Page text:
Reflections: My 2018 A to Z Blog Challenge

Hello out there,

I enjoyed the 2018 A to Z Blog Challenge more than 2017. Last year, I just couldn’t break the code. This year, it went well.

I did two challenges during April (as did others like this or this). I wrote poems for the National Poetry Month and mythology for the A to Z Challenge. Unlike last year, I decided not to piggy-back them by using one post for both challenges. Thus, I posted twice on most days and consider my blog stats questionable. Views, likes, and follows were consistent throughout the month.

As with last year, the A to Z reveal in March got a lot of attention. In April I posed to my blog 56 times.

I think my poetry (NaPoWriMo) was favored over the folklore and mythology creatures in A to Z. I got some comments, such as “I did not know that” regarding the myths. I enjoyed most of the research and writing. While I finished both challenges, I was burning out.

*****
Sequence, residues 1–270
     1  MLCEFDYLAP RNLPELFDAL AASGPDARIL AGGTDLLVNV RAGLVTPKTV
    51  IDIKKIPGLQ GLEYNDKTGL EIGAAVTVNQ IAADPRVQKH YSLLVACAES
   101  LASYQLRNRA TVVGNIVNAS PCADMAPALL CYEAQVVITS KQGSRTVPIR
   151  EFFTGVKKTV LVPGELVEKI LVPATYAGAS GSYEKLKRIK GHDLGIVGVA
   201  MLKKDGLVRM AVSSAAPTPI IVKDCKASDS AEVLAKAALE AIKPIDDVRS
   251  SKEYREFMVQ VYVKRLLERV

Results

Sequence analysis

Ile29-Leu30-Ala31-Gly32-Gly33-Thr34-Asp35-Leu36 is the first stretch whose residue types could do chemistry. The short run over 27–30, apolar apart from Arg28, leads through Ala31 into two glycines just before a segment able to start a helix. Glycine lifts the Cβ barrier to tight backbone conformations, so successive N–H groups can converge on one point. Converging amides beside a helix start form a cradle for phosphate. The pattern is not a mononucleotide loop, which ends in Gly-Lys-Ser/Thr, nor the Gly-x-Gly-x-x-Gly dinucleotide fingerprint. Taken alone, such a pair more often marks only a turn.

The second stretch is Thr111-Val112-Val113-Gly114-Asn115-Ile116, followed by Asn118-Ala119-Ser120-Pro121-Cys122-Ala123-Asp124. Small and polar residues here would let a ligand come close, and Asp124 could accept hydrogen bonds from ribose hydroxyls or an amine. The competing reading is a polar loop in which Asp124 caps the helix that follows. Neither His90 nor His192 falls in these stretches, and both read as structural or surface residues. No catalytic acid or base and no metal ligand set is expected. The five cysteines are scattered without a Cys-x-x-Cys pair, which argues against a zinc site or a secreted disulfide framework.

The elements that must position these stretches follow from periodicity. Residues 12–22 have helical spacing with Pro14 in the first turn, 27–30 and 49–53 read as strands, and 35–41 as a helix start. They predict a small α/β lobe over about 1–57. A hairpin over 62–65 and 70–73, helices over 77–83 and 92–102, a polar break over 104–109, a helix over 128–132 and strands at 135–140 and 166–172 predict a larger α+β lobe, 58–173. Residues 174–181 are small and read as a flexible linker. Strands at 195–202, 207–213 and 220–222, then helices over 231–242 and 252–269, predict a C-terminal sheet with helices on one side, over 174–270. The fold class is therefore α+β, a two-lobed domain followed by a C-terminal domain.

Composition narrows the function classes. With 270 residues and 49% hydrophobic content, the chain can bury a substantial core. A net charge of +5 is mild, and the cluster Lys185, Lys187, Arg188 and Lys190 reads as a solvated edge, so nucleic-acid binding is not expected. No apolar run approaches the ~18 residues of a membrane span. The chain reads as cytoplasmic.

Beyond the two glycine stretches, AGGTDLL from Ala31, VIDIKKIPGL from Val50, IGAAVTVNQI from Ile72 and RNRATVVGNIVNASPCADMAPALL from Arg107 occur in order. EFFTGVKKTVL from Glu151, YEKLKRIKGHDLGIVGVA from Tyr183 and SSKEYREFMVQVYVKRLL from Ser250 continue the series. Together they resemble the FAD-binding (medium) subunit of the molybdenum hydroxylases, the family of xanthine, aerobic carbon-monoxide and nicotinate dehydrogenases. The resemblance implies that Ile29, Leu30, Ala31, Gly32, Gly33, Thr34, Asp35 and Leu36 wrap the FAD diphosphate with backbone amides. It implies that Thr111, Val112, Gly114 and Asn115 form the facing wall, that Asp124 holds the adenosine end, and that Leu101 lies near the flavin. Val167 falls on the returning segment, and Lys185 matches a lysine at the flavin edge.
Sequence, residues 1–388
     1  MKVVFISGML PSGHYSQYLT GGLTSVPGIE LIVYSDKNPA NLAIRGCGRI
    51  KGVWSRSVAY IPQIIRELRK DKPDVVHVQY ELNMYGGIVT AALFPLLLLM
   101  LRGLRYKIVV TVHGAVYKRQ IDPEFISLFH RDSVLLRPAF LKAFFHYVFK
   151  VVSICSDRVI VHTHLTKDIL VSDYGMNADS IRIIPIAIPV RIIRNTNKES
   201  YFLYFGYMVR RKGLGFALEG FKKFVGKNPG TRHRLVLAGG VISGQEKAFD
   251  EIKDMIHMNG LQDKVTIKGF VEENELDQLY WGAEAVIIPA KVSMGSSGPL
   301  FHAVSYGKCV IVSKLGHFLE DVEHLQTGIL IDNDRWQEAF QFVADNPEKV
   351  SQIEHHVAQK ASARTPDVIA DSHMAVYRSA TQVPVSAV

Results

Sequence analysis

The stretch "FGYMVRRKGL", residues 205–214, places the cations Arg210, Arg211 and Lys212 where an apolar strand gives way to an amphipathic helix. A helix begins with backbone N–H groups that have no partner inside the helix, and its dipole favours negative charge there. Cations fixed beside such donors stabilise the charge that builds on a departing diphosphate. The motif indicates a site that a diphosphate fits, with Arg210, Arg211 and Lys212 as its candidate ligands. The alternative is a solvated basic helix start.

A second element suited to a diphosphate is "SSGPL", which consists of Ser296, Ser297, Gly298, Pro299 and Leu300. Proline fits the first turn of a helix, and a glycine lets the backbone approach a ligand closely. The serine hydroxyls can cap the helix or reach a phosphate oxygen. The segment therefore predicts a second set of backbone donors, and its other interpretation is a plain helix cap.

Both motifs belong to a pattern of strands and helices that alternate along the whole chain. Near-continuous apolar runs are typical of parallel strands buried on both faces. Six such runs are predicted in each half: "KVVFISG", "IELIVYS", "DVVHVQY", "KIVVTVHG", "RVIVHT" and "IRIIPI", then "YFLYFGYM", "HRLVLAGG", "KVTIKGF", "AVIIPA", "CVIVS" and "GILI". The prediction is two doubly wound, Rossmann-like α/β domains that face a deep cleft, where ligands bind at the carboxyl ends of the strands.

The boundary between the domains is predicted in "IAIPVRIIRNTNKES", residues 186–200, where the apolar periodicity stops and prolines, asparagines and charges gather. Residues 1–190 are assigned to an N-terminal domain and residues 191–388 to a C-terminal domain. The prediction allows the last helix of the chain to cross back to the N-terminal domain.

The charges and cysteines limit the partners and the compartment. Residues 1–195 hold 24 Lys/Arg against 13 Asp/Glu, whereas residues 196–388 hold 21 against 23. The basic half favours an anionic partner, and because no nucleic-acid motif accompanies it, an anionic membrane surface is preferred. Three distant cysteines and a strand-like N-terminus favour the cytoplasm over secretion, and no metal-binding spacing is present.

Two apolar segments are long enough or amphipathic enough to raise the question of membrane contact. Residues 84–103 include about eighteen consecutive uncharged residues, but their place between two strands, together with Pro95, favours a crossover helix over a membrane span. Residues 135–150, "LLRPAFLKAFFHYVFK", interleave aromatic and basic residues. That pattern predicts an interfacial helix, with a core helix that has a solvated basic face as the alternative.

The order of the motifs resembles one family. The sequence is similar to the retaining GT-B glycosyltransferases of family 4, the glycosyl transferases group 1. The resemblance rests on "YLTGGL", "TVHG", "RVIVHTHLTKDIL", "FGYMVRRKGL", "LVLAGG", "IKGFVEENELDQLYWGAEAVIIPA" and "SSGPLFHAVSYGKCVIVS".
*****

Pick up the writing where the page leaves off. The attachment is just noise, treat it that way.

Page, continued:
On April 1st, I was almost two weeks ahead in writing for A-Z blogs. However, I wrote the NaPoWriMo poems each day based on the midnight prompts 29 out of 30 times. The one day I did not use the prompt, I wrote the poem from a previous idea. As time passed, I lost my advantage on A to Z. By April 29th, I was writing Z for the next day’s final posting. I was ready to stop before the challenges were completed.

While I stopped doing morning pages for April, a good outcome of the April challenges was getting my brain back to daily creative writing and poetry. My writing had slowed to a virtual stop during our move from Washington state to Texas. These challenges helped me to perk-up and I feel more like writing now. I restarted MPs May 2nd.

Since I did two challenges simultaneously and posted twice per day, it makes sense that my 2018 numbers almost doubled what they had been in 2017.

I tried to keep my A-Z posts brief (<600 words) and used at least two graphic images per day. I felt that format might help visitors do a quick reading and move on. When I read other blog posts during April, I did not always finish when they were long reads.